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2015-16 Sacramento Kings Preview

Kelley L Cox-USA TODAY Sports

This is the official Sactown Royalty preview of the 2015-16 Sacramento Kings season, part of the SB Nation NBA preview series. We take a look at what the Kings did this summer, and what we hope we can look forward to as the season goes on.

Team Name: Sacramento Kings
Last Year's Record: 29-53
Key Losses: Pete D'Alessandro, Jason Thompson, Carl Landry, Nik Stauskas, Ray McCallum, Reggie Evans, Andre Miller, Ryan Hollins, Derrick Williams
Key Additions: Rajon Rondo, Willie Cauley-Stein, Marco Belinelli, Kosta Koufos, James Anderson, Quincy Acy, Caron Butler, Seth Curry, Duje Dukan

1. What Significant Moves were made in the offseason?

Where do we begin?  This was one of the more transformative summers for the Kings in a long time and it started right in the front office with new Kings President of Basketball Operations Vlade Divac consolidating his power.  GM Pete D'Alessandro left soon after to Denver after it became clear that his voice was no longer being heard, and Vlade began the tough task of reshaping this roster.

The first choice Divac had in front of him was the Draft, in which the Kings held the 6th overall pick.  The three names most attached to the Kings at that slot were Mario Hezonja (taken 5th by Orlando), Emmanuel Mudiay (taken 7th by Denver) and the man who the Kings ended up picking, Willie Cauley-Stein.  In Cauley-Stein the Kings hope they have found a long-term fit next to DeMarcus Cousins in the frontcourt, someone that can complement Cousins skillset on both ends of the floor.

The next big move the Kings made was deciding to clear up a bunch of cap space by trading Jason Thompson, Carl Landry, Nik Stauskas and future draft considerations to Philadelphia for a couple of second rounders.  That was a bold, risky move but it gave the Kings a lot of space to work with.  Vlade used that space to sign some big needs for the Kings;  He brought in a consistent shooter in Marco Belinelli, a good defensive big man in Kosta Koufos, and a playmaking point guard in Rajon Rondo.  He kept busy throughout the rest of the summer as well, adding vets like Caron Butler while still looking out for the future with signings of young guys like Seth Curry and Duje Dukan.

2. What are the team's biggest strengths?

While it's a little hard to identify this team's strengths due to how many new guys are actually on this team, I think there are a few clear ones.

For one, the Kings have DeMarcus Cousins, possibly the best interior presence in the NBA right now.  The Kings should have a very good inside presence, and this should also cause them to be one of the league leaders in Free Throw Attempts.  Last year they were first in both makes and attempts, and that was in large part due to Cousins getting so many teams in foul trouble.

I also think this team has good size and rebounders at all positions and should be good on the glass.  Rajon Rondo has always been one of the better rebounding Point Guards and Kosta Koufos adds another solid big man for the Kings.  DeMarcus Cousins should be among the league leaders in this category once again.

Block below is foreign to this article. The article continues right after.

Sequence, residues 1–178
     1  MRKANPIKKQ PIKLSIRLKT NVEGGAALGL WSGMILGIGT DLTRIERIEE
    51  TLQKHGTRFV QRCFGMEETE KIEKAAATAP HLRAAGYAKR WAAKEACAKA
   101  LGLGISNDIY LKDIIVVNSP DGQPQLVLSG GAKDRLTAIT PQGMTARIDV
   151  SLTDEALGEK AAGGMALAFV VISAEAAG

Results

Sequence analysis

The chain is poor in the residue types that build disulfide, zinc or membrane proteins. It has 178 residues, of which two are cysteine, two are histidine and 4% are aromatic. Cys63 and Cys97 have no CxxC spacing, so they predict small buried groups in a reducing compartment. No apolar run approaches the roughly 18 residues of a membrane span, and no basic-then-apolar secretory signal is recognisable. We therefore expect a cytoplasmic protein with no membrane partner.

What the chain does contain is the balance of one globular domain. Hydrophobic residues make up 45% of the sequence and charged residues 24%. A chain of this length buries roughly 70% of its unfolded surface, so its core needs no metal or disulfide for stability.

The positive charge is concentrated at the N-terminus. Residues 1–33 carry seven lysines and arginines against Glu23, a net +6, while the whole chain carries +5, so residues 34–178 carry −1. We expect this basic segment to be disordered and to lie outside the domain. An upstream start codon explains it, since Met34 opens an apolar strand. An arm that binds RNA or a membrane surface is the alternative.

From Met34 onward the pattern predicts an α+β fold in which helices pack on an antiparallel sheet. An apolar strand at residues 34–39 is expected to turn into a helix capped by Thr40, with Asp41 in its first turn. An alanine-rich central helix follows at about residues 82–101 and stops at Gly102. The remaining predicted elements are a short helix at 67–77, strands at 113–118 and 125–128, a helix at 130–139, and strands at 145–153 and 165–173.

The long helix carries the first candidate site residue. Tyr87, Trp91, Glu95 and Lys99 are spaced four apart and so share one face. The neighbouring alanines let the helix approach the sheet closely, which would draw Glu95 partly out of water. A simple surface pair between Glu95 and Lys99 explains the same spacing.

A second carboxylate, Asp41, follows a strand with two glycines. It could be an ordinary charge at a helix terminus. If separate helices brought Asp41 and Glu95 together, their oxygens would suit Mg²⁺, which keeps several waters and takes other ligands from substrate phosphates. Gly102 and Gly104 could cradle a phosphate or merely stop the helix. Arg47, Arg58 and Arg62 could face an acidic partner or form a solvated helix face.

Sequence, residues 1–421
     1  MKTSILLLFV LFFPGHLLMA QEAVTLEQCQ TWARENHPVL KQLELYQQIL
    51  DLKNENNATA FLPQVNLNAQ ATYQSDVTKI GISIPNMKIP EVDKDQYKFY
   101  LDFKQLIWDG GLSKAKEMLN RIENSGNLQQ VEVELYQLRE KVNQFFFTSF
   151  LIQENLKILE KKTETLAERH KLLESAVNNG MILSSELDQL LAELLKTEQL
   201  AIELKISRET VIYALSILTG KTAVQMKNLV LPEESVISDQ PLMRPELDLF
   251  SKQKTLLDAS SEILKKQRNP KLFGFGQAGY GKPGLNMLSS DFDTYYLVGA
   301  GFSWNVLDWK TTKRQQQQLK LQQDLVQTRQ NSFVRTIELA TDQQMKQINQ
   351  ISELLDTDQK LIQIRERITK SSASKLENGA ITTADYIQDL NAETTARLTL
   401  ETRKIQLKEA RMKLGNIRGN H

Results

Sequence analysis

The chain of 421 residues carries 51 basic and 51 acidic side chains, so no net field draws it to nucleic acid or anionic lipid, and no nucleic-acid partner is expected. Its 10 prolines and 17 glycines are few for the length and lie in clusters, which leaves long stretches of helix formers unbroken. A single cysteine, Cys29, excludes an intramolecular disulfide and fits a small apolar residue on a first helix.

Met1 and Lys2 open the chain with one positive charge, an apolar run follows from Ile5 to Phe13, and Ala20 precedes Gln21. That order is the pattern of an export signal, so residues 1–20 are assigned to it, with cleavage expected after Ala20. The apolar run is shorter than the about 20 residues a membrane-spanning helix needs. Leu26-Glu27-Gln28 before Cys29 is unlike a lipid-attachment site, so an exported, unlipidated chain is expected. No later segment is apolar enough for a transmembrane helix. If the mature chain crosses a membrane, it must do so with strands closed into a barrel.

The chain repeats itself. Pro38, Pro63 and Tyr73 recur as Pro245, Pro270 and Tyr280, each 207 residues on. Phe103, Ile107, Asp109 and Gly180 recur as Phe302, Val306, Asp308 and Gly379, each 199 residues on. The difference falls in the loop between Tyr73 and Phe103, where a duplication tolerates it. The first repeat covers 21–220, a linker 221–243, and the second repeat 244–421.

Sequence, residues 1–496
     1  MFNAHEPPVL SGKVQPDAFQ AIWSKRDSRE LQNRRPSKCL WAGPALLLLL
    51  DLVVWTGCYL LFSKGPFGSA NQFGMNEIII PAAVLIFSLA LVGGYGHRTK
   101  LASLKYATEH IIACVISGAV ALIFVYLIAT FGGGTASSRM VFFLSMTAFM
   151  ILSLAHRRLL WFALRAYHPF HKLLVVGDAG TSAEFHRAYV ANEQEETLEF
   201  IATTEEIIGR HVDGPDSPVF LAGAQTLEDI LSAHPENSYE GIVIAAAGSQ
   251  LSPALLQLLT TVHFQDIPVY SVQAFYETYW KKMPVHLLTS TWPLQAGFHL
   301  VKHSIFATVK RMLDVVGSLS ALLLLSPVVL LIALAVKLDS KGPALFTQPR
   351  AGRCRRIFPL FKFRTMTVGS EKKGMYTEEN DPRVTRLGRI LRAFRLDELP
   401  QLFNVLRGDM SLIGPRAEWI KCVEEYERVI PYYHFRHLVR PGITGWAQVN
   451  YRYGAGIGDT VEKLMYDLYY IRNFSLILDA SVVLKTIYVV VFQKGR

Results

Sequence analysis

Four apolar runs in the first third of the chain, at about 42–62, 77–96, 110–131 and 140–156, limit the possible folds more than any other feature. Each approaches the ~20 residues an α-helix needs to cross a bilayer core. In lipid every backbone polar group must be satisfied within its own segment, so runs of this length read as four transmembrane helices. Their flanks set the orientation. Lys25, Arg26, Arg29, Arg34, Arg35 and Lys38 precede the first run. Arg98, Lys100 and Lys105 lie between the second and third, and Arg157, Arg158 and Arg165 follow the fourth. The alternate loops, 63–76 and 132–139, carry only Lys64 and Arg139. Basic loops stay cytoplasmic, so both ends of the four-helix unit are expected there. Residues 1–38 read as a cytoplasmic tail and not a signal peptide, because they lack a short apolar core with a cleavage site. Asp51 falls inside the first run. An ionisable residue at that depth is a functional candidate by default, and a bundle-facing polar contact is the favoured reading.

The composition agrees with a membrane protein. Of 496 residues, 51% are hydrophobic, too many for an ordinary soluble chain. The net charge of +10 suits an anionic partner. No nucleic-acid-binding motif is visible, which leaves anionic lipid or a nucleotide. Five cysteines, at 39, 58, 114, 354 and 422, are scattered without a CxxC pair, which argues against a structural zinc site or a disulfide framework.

Depth should be a strength for the Kings as well thanks to this year's free agent signings.  Instead of having a bunch of unproven players coming off the bench, the Kings now have veterans at every position and can go three deep on some positions.  George Karl has mentioned that there's almost too many options right now and some guys who probably deserve to play will probably get squeezed out because there won't be enough minutes to go around.

3. What are the team's biggest weaknesses?

I think shooting is still a major weakness for this team although they did a good job of adding guys like Belinelli, Anderson, Curry and Dukan who can help the team, but of those guys only Belinelli and Anderson seem like they have a shot at playing major minutes.  Last year the Kings were 28th in attempts and makes.  I think that number will go up, but I still think the Kings will have some shooting issues, especially in the starting lineup with Rajon Rondo.

But perhaps an even bigger weakness for this team is simply chemistry.  There are so many new guys on this team that it might take a little while for them to gel.  Fortunately this is a weakness that can became a strength given time and stability.

4. What are the goal's for this team?

This is a team that is trying to make the playoffs for the first time in almost a decade.  That may seem like a lofty goal for a team that hasn't hit 30 wins in 7 seasons, but it seems doable given the talent increase this summer.  I wouldn't say that this season would be a failure if the Kings don't make the playoffs, but it probably is if they aren't even in contention down the stretch of the season.  This is a team that has a mandate to win now, so there's a lot of pressure to do well this year.

5. Will it all blow up?

That's the question on seemingly everyone's mind after last year's debacle.  Nobody believes in the Kings right now and to be fair, the Kings haven't given them any reason to.  This summer saw George Karl feuding with DeMarcus Cousins (a situation that seems to have been resolved according to the two of them), the addition of a Point Guard who publicly feuded with his head coach, and a big gamble by Divac that everything is going to work out for the best.  There's a lot of optimism around this team from within, but it will take actual on-court results before the national narrative begins to change.


For more on the Kings, check out our 30Q series, where we answered 30 questions about the Kings over the month of September.